Last week at the United Nations, President Donald Trum
It’s increasingly clear that what Trump hopes to achieve through a maximum-pressure campaign does not align with the vision of his national-security team: Judging by his behavior with Kim Jong Un and his statement on Iran, his goal is to bring North Korea and Iran into diplomatic talks. Members of his team speak as if they’d rather force the countries’ surrender. Pyongyang and Tehran understand this very well.
Indeed, at the United Nations last week, Ri Yong Ho, North Korea’s foreign minister, rejected any move toward denuclearization—
North Korea and Iran may deem the cost of not talking to Trump too high, which implies that they would engage him—but resisting surrender is their priority. This means that maximum pressure as a guiding strategy will have diminishing value over time. Indeed, if the president’s national-security team continues with maximum pressure in pursuit of surrender, they’ll encounter resistance from Iran and North Korea. Waiting out the Trump presidency or hoping for the policy to implode could become the two countries’ preferred option.
What North Korea is looking for is a step-by-step diplomatic process in which the United States offers concessions ranging from a declaration of peace on the Korean Peninsula to the lifting of economic sanctions. Instead, Trump’s national-security team is demanding full denuclearization before offeri
Faced with this reality, Pyongyang or Tehran c
Iran is not reaping any economic benefits inside the deal, but it is unlikely to get any outside the deal either, even if it were to talk with Washington. But if Iran did abandon the deal, it would give up the hard-won right to a nuclear program, which is enshrined in the accord. That is likely why Iran’s President Rouhani said last week that the United States must rejoin the deal before he would talk with President Trump. His thinking: If the Trump administration brought the United States back into the deal, it could no longer look to the Libya model as the goal, and would have to negotiate from the existing baseline of the 2015 deal.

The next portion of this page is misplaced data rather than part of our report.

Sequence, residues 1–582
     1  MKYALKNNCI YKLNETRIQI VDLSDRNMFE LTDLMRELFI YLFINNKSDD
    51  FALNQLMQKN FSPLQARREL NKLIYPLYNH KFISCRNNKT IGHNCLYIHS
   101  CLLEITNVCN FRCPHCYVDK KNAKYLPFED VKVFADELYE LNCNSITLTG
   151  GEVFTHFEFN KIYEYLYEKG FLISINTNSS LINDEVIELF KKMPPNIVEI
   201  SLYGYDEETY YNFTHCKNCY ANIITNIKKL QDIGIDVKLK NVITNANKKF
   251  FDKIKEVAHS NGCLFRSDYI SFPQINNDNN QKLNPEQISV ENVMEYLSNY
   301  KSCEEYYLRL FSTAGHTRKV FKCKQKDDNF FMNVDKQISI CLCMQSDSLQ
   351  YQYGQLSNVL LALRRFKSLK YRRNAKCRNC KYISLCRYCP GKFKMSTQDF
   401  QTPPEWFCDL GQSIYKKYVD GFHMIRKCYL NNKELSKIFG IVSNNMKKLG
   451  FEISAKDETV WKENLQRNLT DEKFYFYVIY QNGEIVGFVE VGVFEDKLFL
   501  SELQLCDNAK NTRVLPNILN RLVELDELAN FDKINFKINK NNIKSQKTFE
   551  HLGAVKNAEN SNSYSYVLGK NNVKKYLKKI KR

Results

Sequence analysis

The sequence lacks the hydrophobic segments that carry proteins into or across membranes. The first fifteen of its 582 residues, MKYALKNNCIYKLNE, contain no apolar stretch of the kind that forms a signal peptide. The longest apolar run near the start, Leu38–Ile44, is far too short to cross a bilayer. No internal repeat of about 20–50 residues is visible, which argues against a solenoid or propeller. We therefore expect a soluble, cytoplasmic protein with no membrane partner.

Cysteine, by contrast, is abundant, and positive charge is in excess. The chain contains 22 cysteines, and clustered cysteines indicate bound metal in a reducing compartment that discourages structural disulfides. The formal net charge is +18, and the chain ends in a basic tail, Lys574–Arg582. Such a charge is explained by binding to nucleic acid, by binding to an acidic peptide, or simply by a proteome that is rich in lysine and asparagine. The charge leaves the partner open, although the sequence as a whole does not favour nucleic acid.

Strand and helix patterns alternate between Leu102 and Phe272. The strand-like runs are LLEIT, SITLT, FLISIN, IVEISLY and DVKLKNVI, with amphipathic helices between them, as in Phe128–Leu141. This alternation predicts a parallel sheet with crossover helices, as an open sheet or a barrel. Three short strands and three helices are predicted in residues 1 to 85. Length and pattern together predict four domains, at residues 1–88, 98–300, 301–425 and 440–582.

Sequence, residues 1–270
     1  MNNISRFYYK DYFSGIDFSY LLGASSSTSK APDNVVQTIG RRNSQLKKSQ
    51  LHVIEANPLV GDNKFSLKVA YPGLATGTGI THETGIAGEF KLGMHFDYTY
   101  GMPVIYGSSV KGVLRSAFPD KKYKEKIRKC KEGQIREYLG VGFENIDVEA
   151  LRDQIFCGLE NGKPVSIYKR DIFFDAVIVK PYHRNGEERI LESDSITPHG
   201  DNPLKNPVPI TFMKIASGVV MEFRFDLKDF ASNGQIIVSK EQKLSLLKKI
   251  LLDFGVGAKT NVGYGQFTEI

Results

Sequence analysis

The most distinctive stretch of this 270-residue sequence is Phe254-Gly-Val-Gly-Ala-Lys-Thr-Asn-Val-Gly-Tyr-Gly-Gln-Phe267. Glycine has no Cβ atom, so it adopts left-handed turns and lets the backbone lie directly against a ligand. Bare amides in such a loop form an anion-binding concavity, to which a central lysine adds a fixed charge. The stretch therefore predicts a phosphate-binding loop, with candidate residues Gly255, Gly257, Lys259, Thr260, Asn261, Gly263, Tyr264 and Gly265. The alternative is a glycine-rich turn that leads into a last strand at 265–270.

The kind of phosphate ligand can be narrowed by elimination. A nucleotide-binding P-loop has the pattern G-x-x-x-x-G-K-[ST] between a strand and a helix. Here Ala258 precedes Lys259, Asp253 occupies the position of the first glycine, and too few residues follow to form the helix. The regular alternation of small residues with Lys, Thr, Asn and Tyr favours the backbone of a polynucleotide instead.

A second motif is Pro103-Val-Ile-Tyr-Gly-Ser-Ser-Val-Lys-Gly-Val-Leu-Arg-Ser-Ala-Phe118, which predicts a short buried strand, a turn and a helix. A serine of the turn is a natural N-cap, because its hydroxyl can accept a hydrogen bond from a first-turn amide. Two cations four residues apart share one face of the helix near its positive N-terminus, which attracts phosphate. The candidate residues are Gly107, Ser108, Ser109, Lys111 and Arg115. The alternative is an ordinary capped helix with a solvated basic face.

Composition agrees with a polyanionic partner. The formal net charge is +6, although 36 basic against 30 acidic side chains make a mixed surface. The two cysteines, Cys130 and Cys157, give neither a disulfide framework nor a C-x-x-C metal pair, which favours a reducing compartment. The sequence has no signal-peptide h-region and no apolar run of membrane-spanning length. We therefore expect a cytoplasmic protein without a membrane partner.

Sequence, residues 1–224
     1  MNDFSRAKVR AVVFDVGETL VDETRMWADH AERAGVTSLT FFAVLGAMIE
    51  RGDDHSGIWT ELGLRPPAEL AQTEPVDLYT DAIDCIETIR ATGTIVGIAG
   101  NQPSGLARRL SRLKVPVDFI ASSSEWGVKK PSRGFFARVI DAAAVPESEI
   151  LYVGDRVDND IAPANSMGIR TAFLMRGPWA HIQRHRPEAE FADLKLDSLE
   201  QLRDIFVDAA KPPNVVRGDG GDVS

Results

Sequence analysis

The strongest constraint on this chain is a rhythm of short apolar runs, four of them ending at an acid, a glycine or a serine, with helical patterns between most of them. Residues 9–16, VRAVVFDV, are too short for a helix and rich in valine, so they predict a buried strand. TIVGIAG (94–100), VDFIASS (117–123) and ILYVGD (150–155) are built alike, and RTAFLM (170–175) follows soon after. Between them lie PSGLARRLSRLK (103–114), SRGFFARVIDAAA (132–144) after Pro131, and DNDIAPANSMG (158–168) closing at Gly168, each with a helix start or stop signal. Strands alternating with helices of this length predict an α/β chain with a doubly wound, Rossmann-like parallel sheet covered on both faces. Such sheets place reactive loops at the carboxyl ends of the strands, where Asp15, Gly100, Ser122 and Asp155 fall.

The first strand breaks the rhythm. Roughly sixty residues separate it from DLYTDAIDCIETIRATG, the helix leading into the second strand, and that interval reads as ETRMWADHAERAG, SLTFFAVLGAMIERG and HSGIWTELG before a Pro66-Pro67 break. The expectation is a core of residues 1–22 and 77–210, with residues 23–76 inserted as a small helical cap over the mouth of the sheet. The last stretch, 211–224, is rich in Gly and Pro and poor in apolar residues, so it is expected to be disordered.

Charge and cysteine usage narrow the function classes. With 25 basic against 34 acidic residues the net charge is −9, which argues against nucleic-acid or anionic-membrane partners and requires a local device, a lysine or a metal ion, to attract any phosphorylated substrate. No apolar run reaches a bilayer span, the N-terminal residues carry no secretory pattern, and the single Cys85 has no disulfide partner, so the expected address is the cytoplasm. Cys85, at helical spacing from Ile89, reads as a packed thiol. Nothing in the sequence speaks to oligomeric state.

Of course, it’s not only North Korea and Iran that bear the brunt of maximum pressure. This is a policy levied at the entire international community, which will likely resist the policy, potentially leading to its implosion. Indeed, if America’s isolation at last week’s United Nations Security Council special session, in which it tried to rally support for its policy on Iran, is any indication, maximum pressure has little international backing. While the maximum-pressure strategy received initial support in China and South Korea, that support began to wane after Pyongyang agreed to the Singapore summit. The United States is also threatening its European allies with punishment if they facilitate business with Iran, and India is being forced to forego its investment in the port of Chabahar in Southeast Iran, a gateway to Afghanistan and Central Asia that allows India to balance China’s regional influence. U.S. pressure, meanwhile, has already led Europe, China, and Russia to explore ways to circumvent U.S. sanctions.
What all this means: The wanton use of maximum pressure by Washington is likely to create a world in which the United States is unable to exercise much pressure at all.
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